Monday, December 14, 2009

Why College Soccer is Still Important

Ives Galarcep makes the case that college soccer programs are still important.
In an ideal world, the task of developing pro prospects would fall to Major League Soccer, but the league has only recently begun making any real progress in establishing the infrastructure for such a role. In the interim, and for decades now, college soccer has helped fill that role by giving young soccer players in this country an avenue to pursue the game and grow as players.

There are some who still don't realize just how invaluable the college game is to player development in this country, which is disappointing because without college soccer the current pool of American talent would be much more shallow and the pro game in this country wouldn't have made as many strides as it has enjoyed over the course of the past decade.

Even as MLS continues to grow, and the academy programs slowly but surely being put in place start to increase their role in developing talent, the college game will still be important in developing players. Why? Because the United States is just too large a country for 15 teams to cover with academies and even as some colleges cut their men's soccer programs, there are still plenty that are flourishing a doing an excellent job of helping young talents hone their game.
Yes, ideally the MLS clubs would be developing the professional caliber prospects themselves, and yes, 15 or even 20 clubs in the U.S. cannot develop all the talent.

But I would argue that outside the ACC there is a dearth of consistently good college soccer programs. The ACC which is consistently the strongest conference in the college game (three of the Final Four in the past two years have been ACC teams), the ACC has won four out of the last five College Cups. In the last 20 years, the ACC has won 9 of the years (and tied one) and an ACC team has been in the final in 12 of the past 20 years. That is not to say that there are not quality teams in other conferences (Indiana and UCLA have a solid record). Having said that, how many quality programs, year in and year out over the course of ten or twenty years are out there. Programs that through a combination of good coaching and good scouting and good connections to PDL clubs are not big in number that can generate a flood of good talent.

Now the 2009 MLS rookie class has set a very high bar for the years that follow and I do hope that 2010 can produce as solid a class as well. In the end, that will be the measure of college soccer--how successful college coaches can develop talent to make the transition to professional playing. College soccer, again, outside the ACC, in not consistently of high enough quality, at this time, to truly be a breeding ground for professional talent on a broad scale.

What can be done to make college soccer a better breeding ground for professional talent? Simply put, a few rule changes can go a long way:

1. End the practice of unlimited substitutions. I am not suggesting that these games have to be three substitutions, but even a five or six substitution limit would be fine, so long as when players leave the game, they can't come back. This puts more of an onus on the players themselves making tactical changes, measure their output and effort, maintain their fitness, and increase their skills in the game. An interesting side effect that I can envision is that more quality players will get spread around among other teams as players will be seeking programs where they can get lots of playing time, perhaps even as freshmen and sophomores compete for serious minutes.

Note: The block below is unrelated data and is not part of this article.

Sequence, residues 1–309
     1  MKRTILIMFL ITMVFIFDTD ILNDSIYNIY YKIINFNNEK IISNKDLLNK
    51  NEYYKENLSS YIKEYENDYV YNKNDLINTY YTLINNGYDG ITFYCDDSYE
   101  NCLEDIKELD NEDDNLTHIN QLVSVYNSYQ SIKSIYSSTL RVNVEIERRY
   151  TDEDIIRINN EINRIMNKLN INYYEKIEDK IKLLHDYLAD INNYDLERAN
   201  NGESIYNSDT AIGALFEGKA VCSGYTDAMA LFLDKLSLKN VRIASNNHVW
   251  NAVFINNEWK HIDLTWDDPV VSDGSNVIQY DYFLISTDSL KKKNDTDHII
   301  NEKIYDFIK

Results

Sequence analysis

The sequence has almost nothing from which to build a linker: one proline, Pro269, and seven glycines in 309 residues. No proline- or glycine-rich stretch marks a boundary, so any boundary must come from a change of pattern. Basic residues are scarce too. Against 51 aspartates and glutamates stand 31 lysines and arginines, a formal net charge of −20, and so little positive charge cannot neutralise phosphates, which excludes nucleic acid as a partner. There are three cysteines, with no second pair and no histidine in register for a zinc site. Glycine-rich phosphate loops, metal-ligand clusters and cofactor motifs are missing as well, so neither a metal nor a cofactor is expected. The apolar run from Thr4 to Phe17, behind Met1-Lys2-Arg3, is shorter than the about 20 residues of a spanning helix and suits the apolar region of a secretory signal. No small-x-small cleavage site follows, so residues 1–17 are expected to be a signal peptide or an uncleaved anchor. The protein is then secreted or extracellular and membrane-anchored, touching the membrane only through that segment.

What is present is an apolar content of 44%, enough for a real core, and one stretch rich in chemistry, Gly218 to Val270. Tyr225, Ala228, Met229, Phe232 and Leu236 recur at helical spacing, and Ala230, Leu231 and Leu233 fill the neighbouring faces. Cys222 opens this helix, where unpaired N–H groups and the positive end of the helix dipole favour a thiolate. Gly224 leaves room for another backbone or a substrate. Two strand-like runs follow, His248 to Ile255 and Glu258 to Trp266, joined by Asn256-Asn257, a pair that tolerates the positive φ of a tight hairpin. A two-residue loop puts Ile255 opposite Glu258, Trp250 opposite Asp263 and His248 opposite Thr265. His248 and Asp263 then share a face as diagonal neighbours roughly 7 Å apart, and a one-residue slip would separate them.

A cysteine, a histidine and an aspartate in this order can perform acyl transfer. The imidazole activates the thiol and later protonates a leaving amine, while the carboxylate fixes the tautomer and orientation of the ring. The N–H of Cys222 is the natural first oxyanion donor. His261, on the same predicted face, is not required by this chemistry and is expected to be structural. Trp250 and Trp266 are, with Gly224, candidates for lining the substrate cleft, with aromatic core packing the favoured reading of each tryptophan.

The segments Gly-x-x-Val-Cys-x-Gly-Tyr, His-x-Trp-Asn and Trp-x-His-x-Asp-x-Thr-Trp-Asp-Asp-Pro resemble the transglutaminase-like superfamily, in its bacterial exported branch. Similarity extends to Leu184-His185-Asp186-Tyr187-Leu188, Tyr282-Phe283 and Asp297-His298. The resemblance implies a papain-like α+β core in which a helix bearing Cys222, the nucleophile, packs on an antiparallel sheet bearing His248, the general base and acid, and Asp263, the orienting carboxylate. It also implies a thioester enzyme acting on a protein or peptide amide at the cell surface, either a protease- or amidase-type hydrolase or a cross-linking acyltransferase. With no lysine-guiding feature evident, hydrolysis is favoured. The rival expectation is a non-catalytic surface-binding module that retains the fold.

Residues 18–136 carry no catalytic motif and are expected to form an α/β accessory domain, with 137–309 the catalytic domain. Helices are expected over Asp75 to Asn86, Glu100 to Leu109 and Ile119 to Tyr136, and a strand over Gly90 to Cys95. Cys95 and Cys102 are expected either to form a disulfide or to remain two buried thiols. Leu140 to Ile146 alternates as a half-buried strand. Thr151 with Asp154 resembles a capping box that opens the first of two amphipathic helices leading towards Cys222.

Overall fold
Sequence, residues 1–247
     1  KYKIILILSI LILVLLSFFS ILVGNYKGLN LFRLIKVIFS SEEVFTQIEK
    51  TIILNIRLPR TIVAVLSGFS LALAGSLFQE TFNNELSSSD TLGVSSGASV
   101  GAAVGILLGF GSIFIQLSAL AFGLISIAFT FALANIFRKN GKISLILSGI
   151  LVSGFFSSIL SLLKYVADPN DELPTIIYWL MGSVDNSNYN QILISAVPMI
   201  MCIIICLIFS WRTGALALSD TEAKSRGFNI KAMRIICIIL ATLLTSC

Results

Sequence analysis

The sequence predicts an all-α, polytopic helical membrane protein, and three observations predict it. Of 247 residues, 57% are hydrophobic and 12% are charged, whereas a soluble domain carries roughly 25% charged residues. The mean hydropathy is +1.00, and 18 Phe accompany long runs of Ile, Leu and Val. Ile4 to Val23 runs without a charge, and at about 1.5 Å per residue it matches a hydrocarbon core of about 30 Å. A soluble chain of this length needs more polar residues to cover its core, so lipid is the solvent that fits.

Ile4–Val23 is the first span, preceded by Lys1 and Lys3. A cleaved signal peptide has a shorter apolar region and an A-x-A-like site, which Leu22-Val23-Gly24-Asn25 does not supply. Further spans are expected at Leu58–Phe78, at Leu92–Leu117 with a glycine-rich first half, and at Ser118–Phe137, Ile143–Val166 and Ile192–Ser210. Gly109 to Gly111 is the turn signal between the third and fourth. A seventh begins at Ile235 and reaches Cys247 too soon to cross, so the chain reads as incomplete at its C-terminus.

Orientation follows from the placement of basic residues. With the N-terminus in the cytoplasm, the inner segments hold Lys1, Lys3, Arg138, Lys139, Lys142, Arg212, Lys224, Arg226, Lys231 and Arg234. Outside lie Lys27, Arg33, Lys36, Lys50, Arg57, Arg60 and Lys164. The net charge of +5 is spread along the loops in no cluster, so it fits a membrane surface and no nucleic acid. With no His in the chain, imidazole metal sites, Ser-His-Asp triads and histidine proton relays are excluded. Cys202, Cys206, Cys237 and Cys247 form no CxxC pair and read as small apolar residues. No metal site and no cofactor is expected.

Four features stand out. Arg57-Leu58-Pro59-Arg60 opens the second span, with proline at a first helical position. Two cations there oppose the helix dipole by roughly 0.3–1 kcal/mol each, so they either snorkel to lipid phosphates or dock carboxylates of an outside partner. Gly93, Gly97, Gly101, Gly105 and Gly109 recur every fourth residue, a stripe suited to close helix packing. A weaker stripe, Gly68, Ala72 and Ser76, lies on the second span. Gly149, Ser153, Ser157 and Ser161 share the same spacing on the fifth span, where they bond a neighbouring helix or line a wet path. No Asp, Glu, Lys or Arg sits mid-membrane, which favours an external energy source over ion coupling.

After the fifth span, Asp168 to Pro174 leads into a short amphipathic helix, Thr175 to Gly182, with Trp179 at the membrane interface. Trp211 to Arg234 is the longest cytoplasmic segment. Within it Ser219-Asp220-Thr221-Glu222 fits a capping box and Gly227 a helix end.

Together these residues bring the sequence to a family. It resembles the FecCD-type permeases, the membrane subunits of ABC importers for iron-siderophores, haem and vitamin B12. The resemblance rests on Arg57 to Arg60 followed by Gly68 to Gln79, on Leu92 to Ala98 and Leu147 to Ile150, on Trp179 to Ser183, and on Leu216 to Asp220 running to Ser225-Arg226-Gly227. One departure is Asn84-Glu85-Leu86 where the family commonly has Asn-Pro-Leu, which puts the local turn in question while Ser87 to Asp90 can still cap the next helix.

2. Play fewer games. The average college soccer team will play 20 regular season games in a little more than three months. In general, they are playing a game every three to four days, and that doesn't lend itself to learning. Professional teams might play a series of three games in ten days on occaision, but college teams are doing it every week for three months straight and that is before conference tournaments. Oddly enough, the College Cup Tournament has six or seven days between games.

3. Permit off season training camps. I am not suggesting off season training during the entire spring semester. But off season camps, maybe a three or four day camp every month, generates that which is helpful--skill development, tactical learning and team familiarity. Most high level college players will play PDL or other amateur clubs during the off season, but not all players have that availability. Hopefully the USL will continue to develop that program which provides professional level coaching for players. But until such time as every college program is permitted to have its own PDL team, then college programs should be permitted to train regularly in the off season.

Clearly, the college programs will, in the absence of quality MLS academy and/or academy networks, be the provider of much of the rookie talent for the MLS. So in that respect, the college game is important, but I don't think it should be the best source of talent in 30 years.

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